Just a two hour drive from Sydney, the Hunter Valley is not only Australia’s oldest, but its most visited, wine region. With fall markets, year-round food and wine festivals, and concerts featuring international pop stars to chamber music virtuosos, it’s easy to see why. A covey of stellar vineyard restaurants and artisanal food producers cements the Hunter’s place as a food-lovers haven.
If you’re feeling a little blue about more months without travel and all of your favourite local festivals being cancelled, you’re not alone.
And if you’re a particular fan of fringe festivals, you’re probably also concerned about how those performing artists you’ve been waiting to see are making out.
But there’s a wee bit of good news from Adelaide Fringe (the world’s second-largest annual arts festival), which managed to eke out its 2020 festival in February and March just ahead of the covid crisis’ descent on Australia. It’s launching a new online pilot platform called Adelaide FringeVIEW, encouraging local and international performing artists to submit a digital version of their show to be presented to online audiences around the world.
“We want to help the artists who are unable to perform live or have had their shows cancelled due to COVID-19 restrictions,” said Adelaide Fringe Director and CEO, Heather Croall. “There is a need for the arts industry to band together and come up with new ideas, and with people at home and more time than ever to experience new shows, we want to provide an opportunity for people to access entertainment while supporting artists who have been impacted”.
Adelaide FringeVIEW is designed to create an income stream for artists still looking to perform while restrictions are in place, with audiences asked to buy a ticket to help support the industry. Artist registrations for the new platform have been open since April 15 and are free. All proceeds from ticket sales are given back to the artist.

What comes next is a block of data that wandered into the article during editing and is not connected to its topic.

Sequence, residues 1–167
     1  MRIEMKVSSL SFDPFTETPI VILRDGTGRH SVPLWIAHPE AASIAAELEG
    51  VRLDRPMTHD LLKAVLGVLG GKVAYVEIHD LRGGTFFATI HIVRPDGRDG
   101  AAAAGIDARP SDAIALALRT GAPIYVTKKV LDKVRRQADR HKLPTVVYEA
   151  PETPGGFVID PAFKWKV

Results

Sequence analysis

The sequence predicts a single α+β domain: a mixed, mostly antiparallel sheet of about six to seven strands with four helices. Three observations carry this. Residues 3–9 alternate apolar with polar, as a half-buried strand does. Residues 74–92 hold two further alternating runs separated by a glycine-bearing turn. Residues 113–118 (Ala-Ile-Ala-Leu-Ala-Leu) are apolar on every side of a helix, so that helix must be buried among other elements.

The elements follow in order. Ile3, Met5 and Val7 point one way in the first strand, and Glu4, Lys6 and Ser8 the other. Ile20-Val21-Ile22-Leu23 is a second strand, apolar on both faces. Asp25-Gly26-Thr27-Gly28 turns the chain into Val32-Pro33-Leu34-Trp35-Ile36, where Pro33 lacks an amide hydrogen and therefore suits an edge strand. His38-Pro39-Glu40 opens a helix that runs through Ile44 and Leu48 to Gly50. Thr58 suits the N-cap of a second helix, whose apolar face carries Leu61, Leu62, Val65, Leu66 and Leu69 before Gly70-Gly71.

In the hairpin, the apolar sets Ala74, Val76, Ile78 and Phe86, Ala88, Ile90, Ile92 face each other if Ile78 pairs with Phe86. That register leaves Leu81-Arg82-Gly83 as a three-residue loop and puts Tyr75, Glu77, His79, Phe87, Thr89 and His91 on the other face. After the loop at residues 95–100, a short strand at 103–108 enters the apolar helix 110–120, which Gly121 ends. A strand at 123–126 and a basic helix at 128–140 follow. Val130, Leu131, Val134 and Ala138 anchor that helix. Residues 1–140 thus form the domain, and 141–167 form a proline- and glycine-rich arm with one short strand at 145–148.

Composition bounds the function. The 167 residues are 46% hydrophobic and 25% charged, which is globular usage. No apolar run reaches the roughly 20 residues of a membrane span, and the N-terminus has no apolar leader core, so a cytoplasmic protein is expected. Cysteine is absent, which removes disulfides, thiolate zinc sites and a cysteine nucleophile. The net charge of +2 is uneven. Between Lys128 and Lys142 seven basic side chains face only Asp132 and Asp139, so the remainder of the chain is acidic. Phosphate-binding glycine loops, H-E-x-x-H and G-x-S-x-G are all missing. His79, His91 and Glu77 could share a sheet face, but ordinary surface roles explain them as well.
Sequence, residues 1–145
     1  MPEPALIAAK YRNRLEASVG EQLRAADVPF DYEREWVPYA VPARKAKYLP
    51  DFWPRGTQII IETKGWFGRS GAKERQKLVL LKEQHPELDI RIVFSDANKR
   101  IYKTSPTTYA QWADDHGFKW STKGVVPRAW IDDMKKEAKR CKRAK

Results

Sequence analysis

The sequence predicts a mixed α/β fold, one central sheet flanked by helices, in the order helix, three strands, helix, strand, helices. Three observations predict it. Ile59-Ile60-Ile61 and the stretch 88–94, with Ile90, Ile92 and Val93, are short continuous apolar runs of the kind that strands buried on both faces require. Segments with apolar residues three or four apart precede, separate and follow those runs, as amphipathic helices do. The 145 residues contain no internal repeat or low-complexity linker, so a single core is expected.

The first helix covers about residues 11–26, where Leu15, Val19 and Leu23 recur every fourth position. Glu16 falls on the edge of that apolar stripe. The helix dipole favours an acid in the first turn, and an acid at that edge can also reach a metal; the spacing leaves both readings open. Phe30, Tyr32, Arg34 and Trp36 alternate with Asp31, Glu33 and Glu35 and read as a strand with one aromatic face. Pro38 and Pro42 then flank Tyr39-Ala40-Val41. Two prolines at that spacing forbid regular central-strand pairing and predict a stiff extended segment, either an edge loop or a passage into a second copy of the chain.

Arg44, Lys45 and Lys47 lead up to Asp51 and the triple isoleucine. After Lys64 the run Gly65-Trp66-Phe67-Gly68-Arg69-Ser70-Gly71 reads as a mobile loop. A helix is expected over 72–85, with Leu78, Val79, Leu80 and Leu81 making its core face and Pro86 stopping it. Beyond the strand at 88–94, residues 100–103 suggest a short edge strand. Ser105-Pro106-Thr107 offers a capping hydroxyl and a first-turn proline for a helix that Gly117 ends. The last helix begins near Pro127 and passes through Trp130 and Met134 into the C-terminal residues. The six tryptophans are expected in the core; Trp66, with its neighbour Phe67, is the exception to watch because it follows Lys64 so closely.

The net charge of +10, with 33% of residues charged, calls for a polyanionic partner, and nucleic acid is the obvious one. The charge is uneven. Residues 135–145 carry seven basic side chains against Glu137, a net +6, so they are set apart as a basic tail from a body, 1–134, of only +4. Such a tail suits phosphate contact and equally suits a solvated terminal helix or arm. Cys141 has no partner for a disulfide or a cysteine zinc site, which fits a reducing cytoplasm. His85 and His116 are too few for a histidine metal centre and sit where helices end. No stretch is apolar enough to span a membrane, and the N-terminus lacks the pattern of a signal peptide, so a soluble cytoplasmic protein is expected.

“We are truly heartbroken to see so many livelihoods impacted,” Ms. Croall said, “but together we can continue to support and connect artists and audiences from around the world during a time where isolation is the new norm.”
So if you’re craving your fringe fix and want to support the artists who bring their innovative shows to you, see https://adelaidefringe.com.au/fringeview for more info, and for tickets starting this Friday.
And to help satisfy your wanderlust in the meantime (or at least soothe your clipped wings), check out “Fringing in Adelaide” – my take on Australia’s fabulous festival city when I ventured there in March 2019. It’s an opportunity to look back and look forward to better days, and you can read it here or in the Spring issue of Taste & Travel International magazine.
There’s also a few recipes to expand your kitchen repertoire (and don’t we ALL need that at this point?), including a delicious vegetarian dish from Adelaide Central Market, and a bright prawn and pineapple Thai curry developed by one of Adelaide’s premier chefs, Chef Nu Suandokmai.
(And in case you’re wondering: Adelaide Fringe has no idea who I am and certainly did not subsidize the article or this post in any way 🙂 )
The screen door creaks a quiet complaint as I ease it shut and slide into a rattan chair. Beneath the low-thatched eaves of my cottage, I ponder the trees emerging from the morning mist and warm my hands gratefully on my coffee glass. According to the card on my nightstand, the brew is podi kappi, “the traditional black coffee of the local people in the High Range area”. I only know it is hot and dark and redolent with cardamom, cumin, and fenugreek. As caffeine and sun make inroads on my hazy dawn, a soft hoot emerges from the canopy: an unseen langur monkey alerts his family to my presence.
Read the full story here and in the Spring Issue of Taste & Travel International magazine.